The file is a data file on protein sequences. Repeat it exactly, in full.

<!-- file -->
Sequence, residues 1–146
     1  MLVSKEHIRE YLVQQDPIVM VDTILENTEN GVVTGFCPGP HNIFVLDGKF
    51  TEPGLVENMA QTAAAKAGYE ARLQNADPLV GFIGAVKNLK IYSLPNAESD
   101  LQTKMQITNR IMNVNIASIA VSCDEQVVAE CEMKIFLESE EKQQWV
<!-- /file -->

Sequence, residues 1–146
     1  MLVSKEHIRE YLVQQDPIVM VDTILENTEN GVVTGFCPGP HNIFVLDGKF
    51  TEPGLVENMA QTAAAKAGYE ARLQNADPLV GFIGAVKNLK IYSLPNAESD
   101  LQTKMQITNR IMNVNIASIA VSCDEQVVAE CEMKIFLESE EKQQWV